In 275 of the 1,500 constituencies, no candidate won enough votes for election. In 199 of those ridings, where only one or two candidates were running, new candidates will be nominated for another round of elections on May 14. In the other memberless ridings, where more than two candidates splintered the vote, runoff elections between the two highest vote-getters will be held. That system applied to candidates from official organizations. After the directors of the Academy of Sciences did not nominate physicist and human rights activist Andrei Sakharov as a candidate, Sakharov supporters at the academy garnered enough votes against some candidates to deny them the 50-per-cent support they needed. As a result, some of the academy’s 25 seats have not been filled—and Sakharov may yet be nominated when new elections are held.
For many Soviets, the opportunity to vote meaningfully aroused both delight and skepticism. In a telling reminder of previous times, Soviet television showed documentary film footage of the 1937 election, when each riding had only one candidate—and all candidates running were reported to have received 99 per
cent of the vote. Despite Gorbachev’s wideranging reforms in recent years, some Soviets remained suspicious of the political process. In the final days before the vote, rumors circulated among Yeltsin supporters that the absentee votes of all soldiers and diplomats would be cast in Moscow—with instructions that they be cast for Yeltsin’s opponent. As well, said Vladimir Maksimov, a janitor in an apartment complex, “My friend’s children were told at school to tell their parents not to vote for Yeltsin, and he was told that at his factory, too.”
Yeltsin supporters, however, were in no mood to be intimidated. They claim to have collected 12,000 signatures on a petition accusing one of his Politburo detractors of slander. And pasted on a wall at the Proletarskaya Metro station in Moscow, a typed verse called for voters to turn out “the shameless fat cows, special lackeys, brownnosers and dish-lickers” opposing Yeltsin.
Even after the vote, it was not clear how much power the new deputies will actually wield. They will meet only once a year. At that time, they will elect a smaller group of deputies to a reorganized Supreme Soviet, which will function as a full-time legislative body. Gorbachev has said that every member of the Congress should spend one year of his five-year term serving on the Supreme Soviet, but the order of selection of delegates is uncertain. And some critics have complained that the new system gives the leader too much power. Gorbachev now holds the positions of both general
secretary of the Communist party and titular head of state, or president. The latter is now largely a ceremonial position, but the country’s new constitution has re-created the post with enhanced powers—and the Congress of People’s Deputies is expected to tap Gorbachev to fill the job.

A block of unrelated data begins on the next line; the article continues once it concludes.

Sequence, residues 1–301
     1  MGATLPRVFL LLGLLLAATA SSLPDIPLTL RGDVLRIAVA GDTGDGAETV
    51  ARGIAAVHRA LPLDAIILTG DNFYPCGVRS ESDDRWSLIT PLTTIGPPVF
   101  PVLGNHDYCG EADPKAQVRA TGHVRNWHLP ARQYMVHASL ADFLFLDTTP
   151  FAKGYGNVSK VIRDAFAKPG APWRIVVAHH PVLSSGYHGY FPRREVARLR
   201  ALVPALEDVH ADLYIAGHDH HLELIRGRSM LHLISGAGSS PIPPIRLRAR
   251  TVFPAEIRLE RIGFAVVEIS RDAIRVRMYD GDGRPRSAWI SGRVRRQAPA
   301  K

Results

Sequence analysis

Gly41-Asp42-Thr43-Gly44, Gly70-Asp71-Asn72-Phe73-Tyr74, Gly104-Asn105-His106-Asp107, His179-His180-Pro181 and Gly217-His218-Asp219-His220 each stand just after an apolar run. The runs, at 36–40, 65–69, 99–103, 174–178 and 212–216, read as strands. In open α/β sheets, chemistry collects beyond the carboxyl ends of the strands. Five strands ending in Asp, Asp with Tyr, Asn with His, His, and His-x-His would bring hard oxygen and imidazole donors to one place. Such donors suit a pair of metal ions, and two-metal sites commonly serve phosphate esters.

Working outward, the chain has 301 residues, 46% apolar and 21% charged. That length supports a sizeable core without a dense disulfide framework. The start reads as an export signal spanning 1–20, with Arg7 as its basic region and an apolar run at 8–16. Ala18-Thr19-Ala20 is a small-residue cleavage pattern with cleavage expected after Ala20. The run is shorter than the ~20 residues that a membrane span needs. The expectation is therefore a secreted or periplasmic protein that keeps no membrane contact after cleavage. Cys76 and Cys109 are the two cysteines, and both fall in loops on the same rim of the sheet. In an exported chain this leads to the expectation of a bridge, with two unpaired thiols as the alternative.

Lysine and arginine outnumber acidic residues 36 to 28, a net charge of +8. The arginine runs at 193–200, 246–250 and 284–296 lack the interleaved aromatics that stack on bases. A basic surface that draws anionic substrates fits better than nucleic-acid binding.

At the same time, it was uncertain whether the defeat of some senior party and government officials would prove largely symbolic. Although such officials lost their bids to become deputies, they still hold their previous positions. Following the vote, some Soviet observers suggested that losing candidates should consider giving up those posts as well. Soviet foreign ministry spokesman Gennady Gerasimov told reporters only that local party organizations will “conduct a
review” of why their candidates were defeated.
Gorbachev will doubtless continue to argue that their defeat means that voters are impatient with the slow pace of perestroika. The leader’s programs have recently been under attack from some conservatives, and many observers maintained that the election results would give those reforms new impetus. Still, Gorbachev faces a formidable task. Many Soviets say that the country’s traditional chronic shortages of food and consumer items are now worse than ever. Gorbachev himself has conceded that the Soviet Union is at least five years away from providing the country with self-sufficiency in food supplies. Until that time, many analysts predict a further drop in Soviet living standards.
In light of those harsh forecasts, one Western diplomat said the election campaign was useful because it “gave the people somewhere to focus their frustrations.” Now, the envoy added, Gorbachev “must find a new target for those emotions.” Gorbachev, meanwhile, said last week that he hopes to further expand his campaign for democratization. “No campaign from above,” he declared, “can decide the country’s destiny.” As they step uncertainly toward political democracy, many Soviets may discover that their new responsibilities bring not only the exhilaration of wielding their voting power, but also more dissatisfaction.
ANTHONY WILSON-SMITH with CAREY GOLDBERG in Moscow